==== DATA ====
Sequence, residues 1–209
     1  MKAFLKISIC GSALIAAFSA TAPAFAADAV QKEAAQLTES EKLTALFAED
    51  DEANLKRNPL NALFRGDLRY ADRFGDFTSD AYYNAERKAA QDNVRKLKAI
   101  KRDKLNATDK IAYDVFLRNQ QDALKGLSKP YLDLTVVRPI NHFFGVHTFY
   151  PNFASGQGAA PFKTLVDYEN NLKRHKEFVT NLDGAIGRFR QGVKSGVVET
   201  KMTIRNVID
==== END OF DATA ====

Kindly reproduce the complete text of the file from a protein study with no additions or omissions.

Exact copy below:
Sequence, residues 1–209
     1  MKAFLKISIC GSALIAAFSA TAPAFAADAV QKEAAQLTES EKLTALFAED
    51  DEANLKRNPL NALFRGDLRY ADRFGDFTSD AYYNAERKAA QDNVRKLKAI
   101  KRDKLNATDK IAYDVFLRNQ QDALKGLSKP YLDLTVVRPI NHFFGVHTFY
   151  PNFASGQGAA PFKTLVDYEN NLKRHKEFVT NLDGAIGRFR QGVKSGVVET
   201  KMTIRNVID